A typical NLP program faces lots of tasks. They include tokenization, lemmatization, dealing with word order, resolving ambiguities, building some structure, etc. The parser suggested here will deal with only one of those problems: word order. The task will be to convert token stream to the simplest structure, independent of it. It appears that functional composition is a perfect example of such a structure. For the sentence 'A kiss is a terrible thing to waste' this structure will look like
(is (a kiss) ((to waste) (a (terrible thing))))
or, in a more usual notation:
This would be the result of parser: just an expression, where some functions are invoked being passed another invocations' results as arguments. Functions can be of any kind, it depends of an interpreter. The parser may not only combine the tokens it gets into function calls, but also insert some auxiliary functions, e.g. to mark the missing word order info. In free word order languages like Russian where some meanings are expressed solely by word order this will be the case.
Basically the parser will deal with two interpreters. One will be syntactic, where the result of '(terrible thing)' will be almost the same as simple 'thing' (a noun phrase). This result will be used by parser itself, to help constructing the functional tree. The parser will known about all the possible values he syntactic interpreter could produce.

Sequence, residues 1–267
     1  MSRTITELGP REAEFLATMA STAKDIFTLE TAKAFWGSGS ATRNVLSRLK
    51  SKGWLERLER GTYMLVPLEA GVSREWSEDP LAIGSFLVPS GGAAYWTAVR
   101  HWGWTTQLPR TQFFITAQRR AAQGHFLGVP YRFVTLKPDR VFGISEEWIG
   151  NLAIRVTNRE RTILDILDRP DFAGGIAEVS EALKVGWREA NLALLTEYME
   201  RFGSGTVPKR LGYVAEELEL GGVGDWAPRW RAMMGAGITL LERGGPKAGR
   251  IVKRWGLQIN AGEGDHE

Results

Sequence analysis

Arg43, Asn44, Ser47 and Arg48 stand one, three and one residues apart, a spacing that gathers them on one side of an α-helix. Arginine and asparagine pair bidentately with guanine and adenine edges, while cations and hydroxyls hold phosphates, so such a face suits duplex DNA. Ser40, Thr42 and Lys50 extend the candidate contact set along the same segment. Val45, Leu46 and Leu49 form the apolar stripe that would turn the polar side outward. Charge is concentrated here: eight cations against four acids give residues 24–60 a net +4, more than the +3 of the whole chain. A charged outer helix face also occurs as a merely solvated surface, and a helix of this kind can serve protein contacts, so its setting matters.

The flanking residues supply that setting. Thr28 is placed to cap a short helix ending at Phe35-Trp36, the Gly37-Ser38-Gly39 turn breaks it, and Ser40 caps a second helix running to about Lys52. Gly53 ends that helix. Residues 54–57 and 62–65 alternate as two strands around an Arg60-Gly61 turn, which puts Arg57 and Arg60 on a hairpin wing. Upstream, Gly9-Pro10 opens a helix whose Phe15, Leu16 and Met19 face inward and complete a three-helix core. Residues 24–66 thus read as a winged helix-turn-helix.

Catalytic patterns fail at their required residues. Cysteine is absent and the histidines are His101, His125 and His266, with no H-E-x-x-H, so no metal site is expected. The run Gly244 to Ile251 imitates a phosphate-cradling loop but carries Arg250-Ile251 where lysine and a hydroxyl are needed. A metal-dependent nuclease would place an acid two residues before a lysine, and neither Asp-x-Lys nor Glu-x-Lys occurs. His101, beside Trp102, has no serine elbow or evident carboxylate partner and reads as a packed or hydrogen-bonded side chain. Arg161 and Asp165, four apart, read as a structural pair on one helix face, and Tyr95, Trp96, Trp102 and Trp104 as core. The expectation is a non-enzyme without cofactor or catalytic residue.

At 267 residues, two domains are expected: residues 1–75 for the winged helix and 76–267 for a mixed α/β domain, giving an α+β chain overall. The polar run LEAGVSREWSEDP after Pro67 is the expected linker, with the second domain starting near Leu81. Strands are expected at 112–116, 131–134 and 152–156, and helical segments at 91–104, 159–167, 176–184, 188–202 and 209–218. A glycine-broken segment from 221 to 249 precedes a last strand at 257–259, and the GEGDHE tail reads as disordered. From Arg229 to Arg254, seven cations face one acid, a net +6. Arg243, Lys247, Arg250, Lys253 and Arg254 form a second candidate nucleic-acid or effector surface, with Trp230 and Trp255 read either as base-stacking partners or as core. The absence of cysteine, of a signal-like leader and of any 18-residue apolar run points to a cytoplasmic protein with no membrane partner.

The syntactic evaluator will probably produce single result for any functional composition, i.e. it will not support alternative word meanings. The parser will probably concurrently support several different functional compositions until it can make a choice. It should also be able to rollback any choice it had made and reparse from that moment based on new information, if at some moment all the interpretations it has prove to be false.
The second evaluator will be of semantic nature, problem-dependent and replaceable. It will appear to the parser as a black box. It will be also invoked by the parser, but only to see whether an application (A B) will produce any results, i.e. it will have some semantic sense. The other thing we could do with anything is to compare by equality. So we'll see whether the results of two different compositions are in fact the same. For example, with several adjectives accompanying one noun it often doesn't matter in which order they go, so '(green (colorless ideas))' and '(colorless (green ideas))' will produce the same result in such tasks. This would mean that our parser won't have to maintain these two variants, one of them will be sufficient.
At each moment the parser is going to produce new function application, say, having A and B, to bind them via (A B), it evaluates '(A B)' syntactically and semantically. If both results are good, then the tree '(A B)' will certainly live further. In other cases, the parser has to choose the most promising variants from the set it has (remember, it maintains several concurrent trees). The variant that has only syntactic interpretation (but no semantic) will be better than the semantic-only variant. The variant having no interpretations will also have no chance of survival. Some psycholinguists say this is really similar to what the human brains do.
That's it, in short. The only thing left is to invent some semantics interpreter and implement this parser.